Heading into the offseason, there is little doubt on “what” the St. Louis Rams need to address before embarking on the 2015 regular season. First and foremost, the Rams need to hammer out the quarterback situation, which, to this point, seems to be another year of praying for Sam Bradford to stay healthy. Secondly, St. Louis has to work out the kinks on the offensive line, with some decisions needing to be made on a number of under-performing, highly-paid veterans and pending free agents. After addressing those areas, the book is seemingly “open” for the Rams to do as they please during the offseason. In fact, should they make a handful of notable moves during the free agency period, it could allow Les Snead and Jeff Fisher to truly turn some heads in the 2015 NFL Draft.
Considering that scenario, some of the recent, high-profile mock drafts from around the league might make a little more sense. Some have had the Rams taking cornerbacks, edge rushers, and even a wide receiver with the No.10 overall pick in the Draft.
The latter might be the most interesting of the “luxury” picks, especially considering the shear amount of unknowns in the St. Louis Rams receiving corps.
Brian Quick is battling back from a “severe” shoulder injury and might miss most of the offseason workouts. Kenny Britt showed up towards the end of the season, but is an unrestricted free agent and should have some options heading into March. Stedman Bailey continues to impress late in the season, but still goes through bouts of inconsistency and has yet to truly earn a starting spot as an undeniable No.1 or No.2 receiver. Tavon Austin has been hot-and-cold in the offense, occasionally showing flashes of his former Mountaineer self, but , at other times, being non-existent on the field. Chris Givens has dropped into the nearly-irrelevant No.5 slot in the rotation, replaced by Britt and Quick as the “deep ball threat.”
While there is a bevy of potential and upside in the St. Louis Rams receiving corps, there might be just as much doubt. With Sam Bradford getting his “final shot” at quarterback and with Jeff Fisher and Co. likely out of their grace period in St. Louis, solidifying that cohort of receivers might not be the worst idea.
However, in order to use high draft picks on “luxury” additions, a team typically has to first button up any glaring holes on the roster. Last year, the Rams were able to snag players like Aaron Donald and Tre Mason only after they had drafted Greg Robinson to upgrade the interior of the offensive line and had “unofficially” wrapped up a deal for Kenny Britt to pull together their young receiving group.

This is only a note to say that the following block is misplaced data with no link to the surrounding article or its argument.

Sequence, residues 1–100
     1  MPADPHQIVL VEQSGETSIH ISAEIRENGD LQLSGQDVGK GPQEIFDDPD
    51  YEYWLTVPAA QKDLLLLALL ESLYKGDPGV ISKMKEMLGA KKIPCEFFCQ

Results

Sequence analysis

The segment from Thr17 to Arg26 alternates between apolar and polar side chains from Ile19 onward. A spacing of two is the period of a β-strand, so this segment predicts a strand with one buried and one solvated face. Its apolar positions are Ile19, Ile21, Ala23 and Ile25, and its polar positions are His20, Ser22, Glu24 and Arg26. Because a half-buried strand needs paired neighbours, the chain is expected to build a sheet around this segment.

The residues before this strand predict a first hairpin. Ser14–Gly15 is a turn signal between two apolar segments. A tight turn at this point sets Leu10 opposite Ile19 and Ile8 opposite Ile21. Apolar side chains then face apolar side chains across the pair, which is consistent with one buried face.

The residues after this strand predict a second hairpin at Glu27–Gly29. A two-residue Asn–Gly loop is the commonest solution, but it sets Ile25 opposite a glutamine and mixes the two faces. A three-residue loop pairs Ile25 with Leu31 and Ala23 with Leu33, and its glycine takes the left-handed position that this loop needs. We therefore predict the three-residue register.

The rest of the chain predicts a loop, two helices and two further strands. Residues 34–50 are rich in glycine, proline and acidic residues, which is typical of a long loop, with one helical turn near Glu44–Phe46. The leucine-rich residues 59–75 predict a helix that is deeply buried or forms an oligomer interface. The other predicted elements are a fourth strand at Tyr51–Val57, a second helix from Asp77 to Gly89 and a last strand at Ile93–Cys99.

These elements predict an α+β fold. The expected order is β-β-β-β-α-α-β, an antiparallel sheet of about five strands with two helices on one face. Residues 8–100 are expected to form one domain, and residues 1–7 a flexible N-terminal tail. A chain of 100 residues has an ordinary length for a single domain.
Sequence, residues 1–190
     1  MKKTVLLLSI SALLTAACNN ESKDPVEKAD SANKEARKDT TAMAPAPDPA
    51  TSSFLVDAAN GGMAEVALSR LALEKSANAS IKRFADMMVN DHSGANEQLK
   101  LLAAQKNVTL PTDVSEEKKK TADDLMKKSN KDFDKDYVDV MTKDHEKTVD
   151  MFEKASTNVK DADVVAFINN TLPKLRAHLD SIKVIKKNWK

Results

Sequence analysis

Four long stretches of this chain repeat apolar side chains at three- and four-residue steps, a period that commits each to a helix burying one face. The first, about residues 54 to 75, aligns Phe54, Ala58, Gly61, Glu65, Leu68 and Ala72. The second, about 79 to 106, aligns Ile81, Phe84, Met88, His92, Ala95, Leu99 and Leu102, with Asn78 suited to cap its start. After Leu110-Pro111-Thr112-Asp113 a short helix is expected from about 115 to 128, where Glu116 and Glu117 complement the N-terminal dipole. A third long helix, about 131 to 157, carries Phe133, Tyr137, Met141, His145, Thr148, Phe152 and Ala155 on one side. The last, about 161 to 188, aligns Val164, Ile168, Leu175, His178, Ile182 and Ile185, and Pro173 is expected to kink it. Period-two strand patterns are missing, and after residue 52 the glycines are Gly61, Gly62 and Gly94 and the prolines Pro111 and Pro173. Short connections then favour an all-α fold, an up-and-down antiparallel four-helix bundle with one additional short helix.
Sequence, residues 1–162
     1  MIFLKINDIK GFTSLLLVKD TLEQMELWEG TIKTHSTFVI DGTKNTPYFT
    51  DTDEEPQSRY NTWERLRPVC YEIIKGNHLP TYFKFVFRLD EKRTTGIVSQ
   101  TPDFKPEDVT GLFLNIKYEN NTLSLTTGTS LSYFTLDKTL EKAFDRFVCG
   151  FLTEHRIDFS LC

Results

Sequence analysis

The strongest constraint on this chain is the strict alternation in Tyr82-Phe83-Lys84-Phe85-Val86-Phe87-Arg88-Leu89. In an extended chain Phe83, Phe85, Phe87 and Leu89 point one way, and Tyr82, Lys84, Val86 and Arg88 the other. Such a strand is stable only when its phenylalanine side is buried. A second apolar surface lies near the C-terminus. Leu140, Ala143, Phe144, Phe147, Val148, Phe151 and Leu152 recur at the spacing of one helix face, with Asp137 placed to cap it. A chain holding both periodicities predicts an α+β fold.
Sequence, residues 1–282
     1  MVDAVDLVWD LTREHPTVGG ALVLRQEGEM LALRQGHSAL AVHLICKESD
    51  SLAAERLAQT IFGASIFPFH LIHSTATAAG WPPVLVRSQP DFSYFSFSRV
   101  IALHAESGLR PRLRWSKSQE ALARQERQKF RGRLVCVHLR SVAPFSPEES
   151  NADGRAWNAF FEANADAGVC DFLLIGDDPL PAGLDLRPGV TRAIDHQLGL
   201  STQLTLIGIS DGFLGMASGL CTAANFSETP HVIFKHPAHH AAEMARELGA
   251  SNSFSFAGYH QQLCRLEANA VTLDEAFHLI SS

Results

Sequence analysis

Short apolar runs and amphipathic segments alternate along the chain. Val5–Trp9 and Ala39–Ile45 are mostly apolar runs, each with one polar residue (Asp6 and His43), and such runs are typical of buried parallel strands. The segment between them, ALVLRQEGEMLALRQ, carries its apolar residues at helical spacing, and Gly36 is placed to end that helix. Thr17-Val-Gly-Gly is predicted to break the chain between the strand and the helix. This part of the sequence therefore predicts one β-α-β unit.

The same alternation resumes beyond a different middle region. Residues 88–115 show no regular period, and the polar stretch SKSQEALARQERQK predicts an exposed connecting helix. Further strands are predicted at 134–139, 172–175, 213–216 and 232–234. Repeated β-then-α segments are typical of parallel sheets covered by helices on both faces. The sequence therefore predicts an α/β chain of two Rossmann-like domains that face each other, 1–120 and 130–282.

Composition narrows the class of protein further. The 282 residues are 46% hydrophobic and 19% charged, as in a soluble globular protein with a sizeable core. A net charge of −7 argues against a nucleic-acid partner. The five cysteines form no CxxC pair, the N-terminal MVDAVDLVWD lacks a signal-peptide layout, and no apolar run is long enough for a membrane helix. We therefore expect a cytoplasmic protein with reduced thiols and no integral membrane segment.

This year, that glaring hole is, again, on the interior of the offense line. Scott Wells and Davin Joseph are likely cuts this offseason, leaving a need for a guard and a center in 2015. Luckily, with a projected cap bump and some “big name” players on the chopping block, the Rams should be in good position this offseason to contend for some of the top names. Tops on that list might be San Francisco guard, Mike Iupati, who would add a veteran presence and road-grading toughness to an offensive line that figured to be pushing downhill plenty in the upcoming season. There are also some top-tier centers available in free agency, like Kansas City’s Rodney Hudson and Oakland’s Stefen Wisniewski. Adding one or two starters to the offensive line in free agency should do the trick, assuming the Rams want to bite on a big name receiver in this class.
So, under the assumption that the Rams make a decent splash in free agency, are there any receivers worth dropping a Top 10 pick on this year?
Mel Kiper, Jr. recently mocked West Virginia star, Kevin White, to the Rams in the No. 10 spot. If adding another Mountaineer to the roster doesn’t sound appealing, Alabama wide out, Amari Cooper, is widely consider the top receiver in the class, entering as easily the most “polished” prospect, in terms of route running and translate-ability into the NFL. Lastly, DeVante Parker is a darkhorse for tops among the class, entering as arguably the best “in traffic” receiver of the group; one of the rare types of receivers who is “always open,” even with multiple defenders draped over his shoulders. All three possess solid size, particular White and Parker, good strength, and top-of-the-class skill sets to make an immediate impact at the next level.
For the Rams, with Quick likely out to start the regular season, both White and Parker might make sense at the No.10 spot. Not only would either player erase some of the questions among the receiving corps, they would finally give the St. Louis Rams and Sam Bradford a prototypical No.1 wide out that hcan rely on late in the game. While no one wants to “give up” on Brian Quick or Kenny Britt, the Rams have not had much luck banking on 1) a player returning (and continuing to stay) healthy after an injury or 2) keep red flag players away from “red flagging” in the future. Moreover, even if both players come back strong, having too many great receivers is not the worst problem to have in the NFL, particularly if none of them are demanding “great receiver” money. Assuming the Rams can button up the offensive line, Les Snead and Jeff Fisher would be wise to do their homework on this trio of receivers.